1 Gopnik

However, dystopian novels do not need to be novels of prescience. Their function is not to say “Wouldn’t it be awful if…” but “Isn’t is awful that…” If it were a question of judging the most prescient book ever written then the prize would probably go to Das Kapital by Karl Marx. But again, he did not write that as a work of future prediction but as one of current analysis. It just turns out that his description of nineteenth-century capitalism shows a model that is still recognisable today. In fact it was recently dramatised by Sarah Woods, for BBC radio, who applied a Marxian analysis to the manufacture of a mobile phone.

All dystopian fiction has to set itself in the future, however, in order to be able to exaggerate the contemporary trends it satirises, but that is the only reason. Take Nigel Kneale’s The Year of the Sex Olympics, the theme of which was slavish addiction to mass media by a dumbed-down public. The fact that it foresaw the phenomenon of ‘reality TV’ is secondary to the point made by the way the slogan “This is the Year of the Sex Olympics – Sex Olympics Year” was chanted over the end credits, to the viewing audience which, if it was truly awake, would suddenly realise that it had just slavishly sat through a television programme. Take Margaret Atwood’s The Handmaid’s Tale as another example of another novel written to exaggerate contemporary trends[3]. Equally, all dystopian fiction has to envisage a central, controlling force, in order to shore up the idea of a uniform culture that is dangerous to resist. Thus the most common, and most facile, complaint made against the genre, is that its lack of prescience is signalled by the fact that in most of the world – at least the world as known by folk in that North-Western Quartile – is culturally and politically ‘free’. But then none of us, particularly if we are comfortable but in effect regardless of whether we are comfortable or socially excluded, is capable of seeing the totality of what hedges us in and keeps us in our place.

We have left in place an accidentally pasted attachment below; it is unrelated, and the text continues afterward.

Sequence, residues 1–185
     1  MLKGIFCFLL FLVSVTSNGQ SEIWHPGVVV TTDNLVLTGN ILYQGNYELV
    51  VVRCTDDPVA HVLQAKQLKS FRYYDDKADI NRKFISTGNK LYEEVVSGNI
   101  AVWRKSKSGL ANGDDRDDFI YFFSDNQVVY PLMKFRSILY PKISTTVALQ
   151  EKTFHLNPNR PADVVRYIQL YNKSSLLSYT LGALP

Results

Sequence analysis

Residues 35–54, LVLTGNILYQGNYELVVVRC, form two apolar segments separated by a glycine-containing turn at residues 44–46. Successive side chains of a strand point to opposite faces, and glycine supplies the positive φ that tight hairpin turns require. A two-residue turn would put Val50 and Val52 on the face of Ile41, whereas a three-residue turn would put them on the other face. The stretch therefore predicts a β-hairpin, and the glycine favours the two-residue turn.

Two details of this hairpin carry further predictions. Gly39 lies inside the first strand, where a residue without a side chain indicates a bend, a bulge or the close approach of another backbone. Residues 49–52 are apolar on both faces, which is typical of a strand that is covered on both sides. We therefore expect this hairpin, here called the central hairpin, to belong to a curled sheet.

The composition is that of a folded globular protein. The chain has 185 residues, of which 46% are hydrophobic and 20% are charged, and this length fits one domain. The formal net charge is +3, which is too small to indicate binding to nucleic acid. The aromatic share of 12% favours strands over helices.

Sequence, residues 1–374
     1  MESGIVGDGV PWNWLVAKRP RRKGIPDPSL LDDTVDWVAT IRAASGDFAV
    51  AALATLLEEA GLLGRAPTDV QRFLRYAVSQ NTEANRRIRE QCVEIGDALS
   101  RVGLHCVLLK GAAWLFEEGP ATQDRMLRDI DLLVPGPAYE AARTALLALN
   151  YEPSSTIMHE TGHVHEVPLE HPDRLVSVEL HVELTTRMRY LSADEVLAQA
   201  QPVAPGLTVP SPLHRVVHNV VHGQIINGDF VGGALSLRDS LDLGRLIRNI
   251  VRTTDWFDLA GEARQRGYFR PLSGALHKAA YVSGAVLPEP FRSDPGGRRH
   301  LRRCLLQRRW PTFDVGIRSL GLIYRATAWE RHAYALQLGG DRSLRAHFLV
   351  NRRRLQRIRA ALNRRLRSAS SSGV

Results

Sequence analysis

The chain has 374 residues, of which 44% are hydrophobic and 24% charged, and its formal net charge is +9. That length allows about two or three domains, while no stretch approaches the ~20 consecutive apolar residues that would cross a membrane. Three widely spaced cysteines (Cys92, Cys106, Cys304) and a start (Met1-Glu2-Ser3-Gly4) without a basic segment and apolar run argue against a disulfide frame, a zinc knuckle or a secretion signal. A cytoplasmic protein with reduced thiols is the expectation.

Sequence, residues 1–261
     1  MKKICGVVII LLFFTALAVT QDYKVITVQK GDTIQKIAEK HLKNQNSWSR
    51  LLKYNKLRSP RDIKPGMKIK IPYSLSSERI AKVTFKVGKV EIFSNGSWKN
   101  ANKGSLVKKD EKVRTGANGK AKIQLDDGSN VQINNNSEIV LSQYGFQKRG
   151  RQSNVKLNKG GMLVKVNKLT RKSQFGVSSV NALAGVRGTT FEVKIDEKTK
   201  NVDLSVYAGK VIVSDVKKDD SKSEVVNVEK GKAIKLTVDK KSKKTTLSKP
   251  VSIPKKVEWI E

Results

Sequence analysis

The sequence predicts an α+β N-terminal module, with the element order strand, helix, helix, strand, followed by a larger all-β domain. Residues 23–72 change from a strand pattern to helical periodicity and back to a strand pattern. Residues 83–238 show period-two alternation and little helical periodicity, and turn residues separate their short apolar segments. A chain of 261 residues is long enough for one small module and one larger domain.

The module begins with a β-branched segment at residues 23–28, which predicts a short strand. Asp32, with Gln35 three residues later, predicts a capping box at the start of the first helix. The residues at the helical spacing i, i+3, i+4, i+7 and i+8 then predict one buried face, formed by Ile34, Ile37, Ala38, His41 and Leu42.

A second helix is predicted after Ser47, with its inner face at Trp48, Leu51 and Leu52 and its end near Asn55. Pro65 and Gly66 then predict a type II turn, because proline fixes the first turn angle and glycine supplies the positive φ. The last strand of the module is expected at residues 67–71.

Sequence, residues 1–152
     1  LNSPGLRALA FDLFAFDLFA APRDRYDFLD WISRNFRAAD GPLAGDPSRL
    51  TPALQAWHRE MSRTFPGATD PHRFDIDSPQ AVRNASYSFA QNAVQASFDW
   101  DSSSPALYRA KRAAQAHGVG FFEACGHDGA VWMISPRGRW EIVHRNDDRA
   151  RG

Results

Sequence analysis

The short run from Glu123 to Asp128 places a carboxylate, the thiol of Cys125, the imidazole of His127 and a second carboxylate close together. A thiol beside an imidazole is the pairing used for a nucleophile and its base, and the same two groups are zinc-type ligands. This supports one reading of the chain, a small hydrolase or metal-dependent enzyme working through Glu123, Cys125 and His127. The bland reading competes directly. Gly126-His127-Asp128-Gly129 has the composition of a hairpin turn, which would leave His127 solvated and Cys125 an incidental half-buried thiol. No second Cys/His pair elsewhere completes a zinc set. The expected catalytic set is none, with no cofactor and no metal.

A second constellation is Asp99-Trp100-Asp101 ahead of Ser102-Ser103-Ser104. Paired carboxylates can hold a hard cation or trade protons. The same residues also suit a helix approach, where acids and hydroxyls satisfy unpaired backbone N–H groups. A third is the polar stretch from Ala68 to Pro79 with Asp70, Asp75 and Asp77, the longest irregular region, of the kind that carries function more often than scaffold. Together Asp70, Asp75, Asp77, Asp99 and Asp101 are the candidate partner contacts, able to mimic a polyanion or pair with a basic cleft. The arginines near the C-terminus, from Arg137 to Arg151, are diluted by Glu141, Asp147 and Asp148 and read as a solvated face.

1 Huxley

Thus Orwell’s picture of constant war, of the ruthless exercise of political power, of the betrayal of socialism by the Bolsheviks, of the switching of enmities, of the curtailment of language, are all based on mid-twentieth-century factors he witnessed first hand. Similarly, Huxley’s characters’ cheerful hedonism is based on cultural factors he witnessed in America. Whether they are prescient or not has little to do with their canonical status, as little as do the works of, say Dickens, Sterne, Shakespeare, or Chaucer, all of whom satirised the society around them.

This has been a diversion from what I had intended this blog for, but it has been, for me, an enjoyable one. And on that moment of cheerful hedonism, I shall close.